Forty-One Percent of U.S. Employers More Likely to Promote Employees Who Wear Professional Attire, Reveals CareerBuilder.com Survey
CHICAGO.- If your wardrobe makes you an ideal contestant for a TV makeover show, you’re probably wearing those clothes to work too; and that may not be in your best interest. A new CareerBuilder.com survey reports that 41 percent of employers state that people who dress better or more professionally tend to be promoted more often than others in their organization. The survey was conducted from February 11 through March 13, 2008 among 2,765 employers.
Financial services is one of the industries that place the most emphasis on professional dress, as 55 percent of them state that people who dress more professionally tend to be promoted more often than others in the organization. On the other hand, IT and manufacturing employers are two of the industries that place the least amount of emphasis on professional dress, as only 37 percent and 34 percent, respectively, said that employees who dress more professionally tend to be promoted more often than others.
“Even though we are seeing a trend of more relaxed dress codes in the office, especially in summer, it doesn’t mean that professionalism should go out the window,” said Rosemary Haefner, vice president of Human Resources for CareerBuilder.com. “How you dress can play an important role in how others perceive you at work, and dressing professionally can help you project a motivated and dedicated image.”
Some workplaces have taken action into their own hands and are getting employees to dress more professionally by banning certain items of clothing and footwear. Nearly two-thirds (64 percent) of employers surveyed have banned flip flops, 49 percent have banned mini-skirts and 28 percent have banned jeans.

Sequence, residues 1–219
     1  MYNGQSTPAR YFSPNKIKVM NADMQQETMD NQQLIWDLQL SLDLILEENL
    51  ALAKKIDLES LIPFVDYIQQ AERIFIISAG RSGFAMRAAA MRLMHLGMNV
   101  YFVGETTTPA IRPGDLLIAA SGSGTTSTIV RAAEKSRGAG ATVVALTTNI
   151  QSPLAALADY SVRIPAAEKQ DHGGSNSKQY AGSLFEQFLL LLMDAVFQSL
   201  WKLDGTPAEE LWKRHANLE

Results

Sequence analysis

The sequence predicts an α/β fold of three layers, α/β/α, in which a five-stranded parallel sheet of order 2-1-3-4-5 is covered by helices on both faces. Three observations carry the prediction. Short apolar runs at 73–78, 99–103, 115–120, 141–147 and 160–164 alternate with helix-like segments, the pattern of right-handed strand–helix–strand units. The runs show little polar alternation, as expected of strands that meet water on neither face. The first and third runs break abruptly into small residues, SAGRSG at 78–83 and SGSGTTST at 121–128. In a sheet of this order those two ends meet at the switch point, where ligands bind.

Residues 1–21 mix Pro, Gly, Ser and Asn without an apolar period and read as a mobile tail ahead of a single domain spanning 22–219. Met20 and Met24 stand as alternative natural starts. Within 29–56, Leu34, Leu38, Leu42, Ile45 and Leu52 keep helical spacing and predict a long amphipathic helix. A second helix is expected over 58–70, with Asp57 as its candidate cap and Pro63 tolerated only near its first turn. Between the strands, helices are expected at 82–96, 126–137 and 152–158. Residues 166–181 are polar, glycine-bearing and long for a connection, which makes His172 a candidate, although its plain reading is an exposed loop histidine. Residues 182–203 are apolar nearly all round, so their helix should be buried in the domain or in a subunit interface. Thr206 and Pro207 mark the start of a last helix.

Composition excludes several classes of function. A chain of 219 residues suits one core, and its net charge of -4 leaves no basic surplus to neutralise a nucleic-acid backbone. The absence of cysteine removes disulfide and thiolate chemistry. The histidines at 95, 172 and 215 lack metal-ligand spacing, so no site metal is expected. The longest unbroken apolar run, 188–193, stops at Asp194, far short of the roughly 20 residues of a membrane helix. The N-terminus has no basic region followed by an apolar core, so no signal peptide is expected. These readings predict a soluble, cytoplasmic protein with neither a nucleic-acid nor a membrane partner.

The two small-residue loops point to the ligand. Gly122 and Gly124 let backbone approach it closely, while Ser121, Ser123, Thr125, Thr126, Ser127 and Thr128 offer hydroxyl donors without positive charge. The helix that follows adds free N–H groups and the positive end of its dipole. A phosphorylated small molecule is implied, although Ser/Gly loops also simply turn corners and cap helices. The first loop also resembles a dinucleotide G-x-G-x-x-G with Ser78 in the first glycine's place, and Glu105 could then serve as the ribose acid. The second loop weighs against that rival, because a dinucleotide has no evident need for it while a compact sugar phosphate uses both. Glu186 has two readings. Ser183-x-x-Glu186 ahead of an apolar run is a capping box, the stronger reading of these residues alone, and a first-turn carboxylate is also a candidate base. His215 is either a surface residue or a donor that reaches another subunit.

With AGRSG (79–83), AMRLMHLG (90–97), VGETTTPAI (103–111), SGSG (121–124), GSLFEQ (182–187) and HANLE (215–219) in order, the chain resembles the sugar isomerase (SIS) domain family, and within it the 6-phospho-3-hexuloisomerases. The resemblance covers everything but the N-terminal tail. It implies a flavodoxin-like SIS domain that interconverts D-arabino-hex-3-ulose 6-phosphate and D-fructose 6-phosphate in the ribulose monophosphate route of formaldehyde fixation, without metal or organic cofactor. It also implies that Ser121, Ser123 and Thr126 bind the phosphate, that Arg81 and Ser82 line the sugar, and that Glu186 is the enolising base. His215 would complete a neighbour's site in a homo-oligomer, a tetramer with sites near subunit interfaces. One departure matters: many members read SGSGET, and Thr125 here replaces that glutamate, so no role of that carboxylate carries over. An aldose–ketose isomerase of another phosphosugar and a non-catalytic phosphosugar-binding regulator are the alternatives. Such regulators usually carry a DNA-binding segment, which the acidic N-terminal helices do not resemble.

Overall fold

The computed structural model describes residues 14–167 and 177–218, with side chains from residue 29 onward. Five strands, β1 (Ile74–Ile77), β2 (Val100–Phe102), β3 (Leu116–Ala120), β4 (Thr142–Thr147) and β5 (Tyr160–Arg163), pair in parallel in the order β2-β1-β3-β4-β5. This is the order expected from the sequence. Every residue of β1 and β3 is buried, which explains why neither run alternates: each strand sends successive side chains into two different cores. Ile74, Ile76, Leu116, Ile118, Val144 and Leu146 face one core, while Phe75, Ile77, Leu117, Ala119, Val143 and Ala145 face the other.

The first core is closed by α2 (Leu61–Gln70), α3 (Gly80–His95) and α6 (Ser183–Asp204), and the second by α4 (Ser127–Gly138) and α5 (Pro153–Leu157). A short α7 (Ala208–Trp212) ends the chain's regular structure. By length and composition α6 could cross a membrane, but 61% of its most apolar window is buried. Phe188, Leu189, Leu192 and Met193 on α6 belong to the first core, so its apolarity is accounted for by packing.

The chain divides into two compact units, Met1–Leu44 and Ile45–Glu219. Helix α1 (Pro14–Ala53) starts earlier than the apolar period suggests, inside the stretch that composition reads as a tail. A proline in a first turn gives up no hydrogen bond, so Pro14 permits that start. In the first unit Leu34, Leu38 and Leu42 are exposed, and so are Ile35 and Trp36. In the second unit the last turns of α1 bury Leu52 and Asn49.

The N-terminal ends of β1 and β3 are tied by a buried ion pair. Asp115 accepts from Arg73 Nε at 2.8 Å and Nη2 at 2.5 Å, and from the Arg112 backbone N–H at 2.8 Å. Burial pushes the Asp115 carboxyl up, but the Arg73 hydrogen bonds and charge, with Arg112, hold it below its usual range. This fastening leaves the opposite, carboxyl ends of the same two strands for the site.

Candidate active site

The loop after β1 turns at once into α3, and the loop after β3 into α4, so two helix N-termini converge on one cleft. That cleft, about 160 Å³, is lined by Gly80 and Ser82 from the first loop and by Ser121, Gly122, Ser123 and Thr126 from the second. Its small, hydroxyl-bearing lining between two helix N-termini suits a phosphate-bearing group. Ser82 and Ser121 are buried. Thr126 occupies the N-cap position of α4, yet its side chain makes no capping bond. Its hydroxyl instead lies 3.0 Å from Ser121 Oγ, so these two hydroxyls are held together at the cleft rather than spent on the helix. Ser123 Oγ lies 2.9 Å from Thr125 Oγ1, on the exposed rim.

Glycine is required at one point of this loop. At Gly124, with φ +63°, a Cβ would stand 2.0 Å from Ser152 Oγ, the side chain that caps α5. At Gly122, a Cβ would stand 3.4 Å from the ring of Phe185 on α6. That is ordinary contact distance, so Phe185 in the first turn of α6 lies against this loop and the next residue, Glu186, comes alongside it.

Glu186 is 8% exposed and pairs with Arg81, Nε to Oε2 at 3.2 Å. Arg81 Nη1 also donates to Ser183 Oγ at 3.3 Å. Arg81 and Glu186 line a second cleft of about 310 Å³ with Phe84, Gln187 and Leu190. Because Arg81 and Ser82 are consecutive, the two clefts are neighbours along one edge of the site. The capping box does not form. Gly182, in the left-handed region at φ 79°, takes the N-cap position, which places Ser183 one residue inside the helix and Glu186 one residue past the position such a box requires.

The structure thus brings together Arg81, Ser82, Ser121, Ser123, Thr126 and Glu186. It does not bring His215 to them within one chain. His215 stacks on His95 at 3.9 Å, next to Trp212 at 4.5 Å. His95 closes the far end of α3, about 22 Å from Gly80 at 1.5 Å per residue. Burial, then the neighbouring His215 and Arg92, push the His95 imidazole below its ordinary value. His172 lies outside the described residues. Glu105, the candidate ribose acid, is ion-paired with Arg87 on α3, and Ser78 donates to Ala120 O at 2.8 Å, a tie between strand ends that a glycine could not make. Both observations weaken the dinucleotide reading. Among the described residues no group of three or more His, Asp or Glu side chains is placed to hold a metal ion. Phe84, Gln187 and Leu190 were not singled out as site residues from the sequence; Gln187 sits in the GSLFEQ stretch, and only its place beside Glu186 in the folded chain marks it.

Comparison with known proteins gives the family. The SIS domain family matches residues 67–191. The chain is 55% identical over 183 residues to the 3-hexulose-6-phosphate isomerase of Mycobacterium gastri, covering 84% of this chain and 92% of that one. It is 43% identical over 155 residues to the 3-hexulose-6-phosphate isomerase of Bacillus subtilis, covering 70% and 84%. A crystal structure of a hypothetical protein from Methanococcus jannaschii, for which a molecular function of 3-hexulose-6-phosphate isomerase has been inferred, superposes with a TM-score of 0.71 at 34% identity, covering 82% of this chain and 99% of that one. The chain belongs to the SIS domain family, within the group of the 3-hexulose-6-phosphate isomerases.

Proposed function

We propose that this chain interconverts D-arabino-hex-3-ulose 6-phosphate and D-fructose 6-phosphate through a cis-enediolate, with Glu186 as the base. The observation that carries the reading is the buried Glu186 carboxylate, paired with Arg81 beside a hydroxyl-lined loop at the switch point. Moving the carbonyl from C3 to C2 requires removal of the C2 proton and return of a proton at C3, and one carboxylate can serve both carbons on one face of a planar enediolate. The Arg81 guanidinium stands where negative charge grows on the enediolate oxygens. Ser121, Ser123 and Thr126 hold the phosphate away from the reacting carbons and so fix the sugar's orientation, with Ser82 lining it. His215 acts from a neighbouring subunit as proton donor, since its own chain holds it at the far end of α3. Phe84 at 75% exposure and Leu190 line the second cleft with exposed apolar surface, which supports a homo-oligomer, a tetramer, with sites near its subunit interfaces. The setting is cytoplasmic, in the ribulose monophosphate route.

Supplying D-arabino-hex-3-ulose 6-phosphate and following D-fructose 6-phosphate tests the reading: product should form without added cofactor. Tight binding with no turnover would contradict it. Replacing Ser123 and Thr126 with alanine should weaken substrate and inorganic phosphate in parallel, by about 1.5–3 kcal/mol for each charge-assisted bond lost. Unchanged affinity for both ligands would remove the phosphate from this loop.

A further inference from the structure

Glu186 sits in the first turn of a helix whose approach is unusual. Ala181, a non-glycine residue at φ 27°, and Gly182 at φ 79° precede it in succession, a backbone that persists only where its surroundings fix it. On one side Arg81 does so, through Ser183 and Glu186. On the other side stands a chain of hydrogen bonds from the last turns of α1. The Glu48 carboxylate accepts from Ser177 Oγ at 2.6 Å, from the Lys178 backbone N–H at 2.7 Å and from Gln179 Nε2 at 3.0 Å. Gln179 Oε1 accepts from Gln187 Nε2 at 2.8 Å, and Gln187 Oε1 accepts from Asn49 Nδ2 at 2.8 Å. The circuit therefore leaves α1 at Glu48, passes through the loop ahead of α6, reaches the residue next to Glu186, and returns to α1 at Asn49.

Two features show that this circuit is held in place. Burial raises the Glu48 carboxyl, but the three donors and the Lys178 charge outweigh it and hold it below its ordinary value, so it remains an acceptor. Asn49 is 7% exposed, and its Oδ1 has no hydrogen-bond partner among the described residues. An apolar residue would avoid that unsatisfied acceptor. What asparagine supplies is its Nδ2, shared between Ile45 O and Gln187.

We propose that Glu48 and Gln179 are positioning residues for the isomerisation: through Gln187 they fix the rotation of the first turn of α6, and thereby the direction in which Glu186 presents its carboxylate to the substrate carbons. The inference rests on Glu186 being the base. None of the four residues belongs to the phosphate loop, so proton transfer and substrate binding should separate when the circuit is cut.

In addition to banning certain items of clothing, some employers have gone as far as to send employees home for unsuitable work attire. More than one-third (35 percent) of employers have sent someone home to change clothes because they were dressed inappropriately.
Not only does your appearance count once you get the job, but dressing professionally on an interview with potential employers is also important. Fifty-four percent of employers surveyed give greater weight to candidates who show up to interviews wearing a business suit than those who do not.
Haefner recommends the following tips for dressing professionally on the job:
* Stock your closet - Start with the versatile basics, such as a pair of black pants, a dark pant suit, some button-down collared shirts and a classic pair of dark shoes. Once you have the staples, you can continue to build your wardrobe to give you plenty of professional options.
* Keep it neat and clean - Make sure your pants, shirts and other clothes are ironed, stain free and in good condition. When your clothes look sloppy, so do you.
* Steer clear of bar attire - Don’t mistake the office for your local watering hole. Leave the slinky shirts, tight pants and cut off t-shirts at home.
* Look the part - Have a client presentation or a meeting with the CEO? Dress for the part, making sure you choose appropriate articles of clothing for your role.
This survey was conducted online within the U.S. by Harris Interactive on behalf of CareerBuilder.com among 2,765 U.S. employers (employed full-time; not self-employed) ages 18 and over between February 11, and March 13, 2008, respectively. With a pure probability sample of 2,765 one could say with a 95 percent probability that the overall results have a sampling error of +/- 1.9 percentage points. Sampling error for data from sub-samples is higher and varies.
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